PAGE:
Imagine children skipping down the streets, dressed in colorful costumes, their voices singing a familiar tune as they make their way door to door, hoping to collect delicious treats. It’s easy to guess this is Halloween night, until I mention a couple crucial details: It’s December 4th in Lebanon. In this Middle Eastern nation, citizens celebrate what is known as St. Barbara’s Day or Eid el Burbara. The customs are similar to the western tradition of Halloween, where costumes are donned and candy is given out. The difference? The origin.
St. Barbara’s Day history
Children are taught the story of St. Barbara in school, and depending on the area and storyteller, slight differences exist in each version. However, regardless of the version, they all have something, or rather someone, in common: St. Barbara. She is said to have lived in 300 A.D. but was not mentioned in texts until much later. St. Barbara was the daughter of a rich pagan family, her father a man of great importance in her village. However, after hearing the teachings of Christ, she converted to Christianity, a decision that caused a great uproar in her village. When the Roman king heard of this, she was imprisoned and tortured to force her to revoke Christianity. Sainthood was bestowed on her when her injuries miraculously healed overnight after each whipping she received. She had managed to escape before she was beheaded and fled the city.
To keep herself from getting caught, she used several disguises to elude soldiers and relied on the kindness of strangers for housing and food. Her travels to escape condemnation drew to a halt when a mountain, believed to be the Qalamoun Mountains north of Damascus in Syria, blocked her path to freedom (this version is more synonymous with St. Mar Takla’s story, but it depends on who is telling it). With the Roman soldiers quickly gaining up on her, she found herself trapped in a valley with no where else to flee; until a miracle happened. A bolt of lighting struck the mountain with such force that it had split it apart, creating an opening wide enough for her to walk through and reach the safety and freedom she prayed to God for.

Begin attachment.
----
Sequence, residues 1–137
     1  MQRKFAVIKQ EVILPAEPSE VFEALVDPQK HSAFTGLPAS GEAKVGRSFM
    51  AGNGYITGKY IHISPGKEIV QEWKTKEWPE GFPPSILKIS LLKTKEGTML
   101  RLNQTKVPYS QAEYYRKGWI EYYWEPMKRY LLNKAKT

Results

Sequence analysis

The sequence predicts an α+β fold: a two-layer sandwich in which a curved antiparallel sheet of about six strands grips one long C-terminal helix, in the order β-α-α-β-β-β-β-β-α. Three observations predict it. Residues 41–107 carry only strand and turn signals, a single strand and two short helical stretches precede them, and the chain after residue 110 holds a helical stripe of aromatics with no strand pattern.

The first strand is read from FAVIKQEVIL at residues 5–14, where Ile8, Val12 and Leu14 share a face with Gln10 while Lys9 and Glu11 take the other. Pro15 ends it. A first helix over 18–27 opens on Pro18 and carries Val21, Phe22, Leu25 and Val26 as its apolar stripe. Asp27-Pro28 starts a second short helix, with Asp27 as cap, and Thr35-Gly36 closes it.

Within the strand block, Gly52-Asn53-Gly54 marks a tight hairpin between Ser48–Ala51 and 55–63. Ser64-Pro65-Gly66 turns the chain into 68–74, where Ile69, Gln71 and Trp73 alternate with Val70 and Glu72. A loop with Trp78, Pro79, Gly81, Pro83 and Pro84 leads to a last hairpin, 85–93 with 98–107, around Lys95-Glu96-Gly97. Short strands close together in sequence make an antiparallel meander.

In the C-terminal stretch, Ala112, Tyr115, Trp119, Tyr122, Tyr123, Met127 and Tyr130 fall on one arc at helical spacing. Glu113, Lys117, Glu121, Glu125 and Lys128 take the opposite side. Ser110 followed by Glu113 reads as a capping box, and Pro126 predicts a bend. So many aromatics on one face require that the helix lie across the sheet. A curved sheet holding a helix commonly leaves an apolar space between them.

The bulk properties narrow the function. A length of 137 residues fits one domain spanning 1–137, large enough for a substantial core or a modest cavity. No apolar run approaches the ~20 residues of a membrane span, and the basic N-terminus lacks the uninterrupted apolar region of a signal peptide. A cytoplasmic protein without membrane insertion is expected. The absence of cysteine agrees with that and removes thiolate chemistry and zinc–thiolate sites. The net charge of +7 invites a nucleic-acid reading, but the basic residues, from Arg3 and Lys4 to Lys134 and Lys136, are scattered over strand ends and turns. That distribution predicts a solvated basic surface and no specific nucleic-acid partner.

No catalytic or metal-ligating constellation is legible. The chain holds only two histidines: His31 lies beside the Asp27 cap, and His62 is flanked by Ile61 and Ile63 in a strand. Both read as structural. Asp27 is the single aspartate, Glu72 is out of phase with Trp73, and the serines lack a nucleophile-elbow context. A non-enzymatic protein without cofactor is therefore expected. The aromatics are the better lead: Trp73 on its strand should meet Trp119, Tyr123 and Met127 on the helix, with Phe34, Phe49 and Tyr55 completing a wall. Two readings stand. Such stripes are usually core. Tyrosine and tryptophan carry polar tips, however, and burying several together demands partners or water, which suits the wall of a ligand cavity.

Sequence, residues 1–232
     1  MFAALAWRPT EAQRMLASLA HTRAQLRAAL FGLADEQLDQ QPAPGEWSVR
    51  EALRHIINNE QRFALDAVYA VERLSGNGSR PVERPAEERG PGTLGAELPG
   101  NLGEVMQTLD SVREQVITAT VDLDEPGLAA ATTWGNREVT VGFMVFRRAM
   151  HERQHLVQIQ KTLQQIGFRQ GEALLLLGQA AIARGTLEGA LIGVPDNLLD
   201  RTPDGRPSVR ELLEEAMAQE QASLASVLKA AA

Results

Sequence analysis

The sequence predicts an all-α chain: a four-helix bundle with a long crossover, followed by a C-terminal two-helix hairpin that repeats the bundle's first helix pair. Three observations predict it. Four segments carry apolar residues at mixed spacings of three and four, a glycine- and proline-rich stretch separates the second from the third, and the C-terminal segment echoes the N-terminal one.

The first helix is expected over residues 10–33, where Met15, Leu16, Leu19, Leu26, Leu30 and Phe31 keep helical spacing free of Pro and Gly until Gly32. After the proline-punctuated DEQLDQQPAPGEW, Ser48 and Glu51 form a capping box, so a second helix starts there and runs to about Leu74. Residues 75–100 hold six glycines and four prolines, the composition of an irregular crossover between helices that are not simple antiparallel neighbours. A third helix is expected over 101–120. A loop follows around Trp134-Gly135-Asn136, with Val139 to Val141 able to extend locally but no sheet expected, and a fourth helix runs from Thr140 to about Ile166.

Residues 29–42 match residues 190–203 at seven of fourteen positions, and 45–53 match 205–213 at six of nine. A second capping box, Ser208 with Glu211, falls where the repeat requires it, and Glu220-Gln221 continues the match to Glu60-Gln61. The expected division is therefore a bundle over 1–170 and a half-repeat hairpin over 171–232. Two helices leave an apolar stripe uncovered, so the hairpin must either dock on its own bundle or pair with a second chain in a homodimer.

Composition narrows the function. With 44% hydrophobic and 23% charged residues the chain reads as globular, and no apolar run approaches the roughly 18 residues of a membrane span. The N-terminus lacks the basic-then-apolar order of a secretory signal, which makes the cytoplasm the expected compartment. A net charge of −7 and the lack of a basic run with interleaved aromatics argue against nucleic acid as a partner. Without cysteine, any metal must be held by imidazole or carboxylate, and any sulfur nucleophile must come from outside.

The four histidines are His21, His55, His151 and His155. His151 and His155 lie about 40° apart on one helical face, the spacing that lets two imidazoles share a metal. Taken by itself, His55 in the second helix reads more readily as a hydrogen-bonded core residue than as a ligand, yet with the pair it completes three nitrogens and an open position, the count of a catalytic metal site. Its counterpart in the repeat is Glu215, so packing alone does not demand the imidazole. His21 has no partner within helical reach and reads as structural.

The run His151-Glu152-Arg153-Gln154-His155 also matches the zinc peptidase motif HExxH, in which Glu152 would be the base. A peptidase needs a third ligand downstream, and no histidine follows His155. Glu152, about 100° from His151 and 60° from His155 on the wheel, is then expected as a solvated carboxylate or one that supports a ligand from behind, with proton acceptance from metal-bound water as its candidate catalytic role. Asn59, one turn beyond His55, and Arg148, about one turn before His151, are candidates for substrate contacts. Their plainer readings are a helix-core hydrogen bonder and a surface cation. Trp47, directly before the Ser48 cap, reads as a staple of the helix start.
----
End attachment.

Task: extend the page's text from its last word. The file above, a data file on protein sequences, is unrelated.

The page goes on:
St. Barbara’s Day: Customs and traditions
Since St. Barbara’s Day precedes the beginning of Islam, both Lebanese Muslims and Christians join in celebration, making it a secular holiday. The traditions are mostly the same for all the nations that celebrate this day: children dress up in costumes and masks, commemorating St. Barbara’s use of disguises, and go door to door asking for treats. Originally, residents used to give out money instead of treats, but with the increasing influence of the western lifestyle, money has been substituted for candy.
Other ways in which the western culture has influenced the St. Barbara tradition is the incorporation of pumpkins, Halloween parties, and costume themes. Since St. Barbara’s origin is mostly influenced by Christianity, ghosts, ghouls, death and superstitions were not themes originally incorporated with this holiday. As exposure to the American culture grew, so did the Lebanese’s desires to become more like them.
So, it isn’t unusual to celebrate two Halloweens a year there — and no one is complaining about that.
Despite American Halloween’s growing popularity, children will continue to sing St. Barbara’s anthem – Heshleh Burbara, to eat the seasonal desserts – Ameh and ‘Atayef bil ‘Ashtah, and to maintain these unique Middle Eastern traditions.
Lyrics to Heshleh Burbara
Heshleh Burbara (Barbara is fleeing),
Maa banet el harra (with the other women),
Aariftah min aaynayha (I knew her from her eyes),
W min lafet edayha (and the movement of her hands),
W min haki el 2iswara (and from her braclet),
Did you know about St. Barbara’s Day and Middle Eastern Halloween?
Are there any other traditions you would like to share with us?
Big thanks to Leena Badran for writing such an interesting, beautiful post!